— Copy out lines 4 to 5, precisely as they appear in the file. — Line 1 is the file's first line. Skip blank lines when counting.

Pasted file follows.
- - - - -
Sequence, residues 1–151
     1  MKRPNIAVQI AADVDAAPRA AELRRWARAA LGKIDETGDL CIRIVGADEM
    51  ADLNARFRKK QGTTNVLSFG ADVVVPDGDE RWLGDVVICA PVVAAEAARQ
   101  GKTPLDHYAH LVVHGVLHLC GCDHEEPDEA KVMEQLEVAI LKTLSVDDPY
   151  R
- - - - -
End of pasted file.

   101  GKTPLDHYAH LVVHGVLHLC GCDHEEPDEA KVMEQLEVAI LKTLSVDDPY
   151  R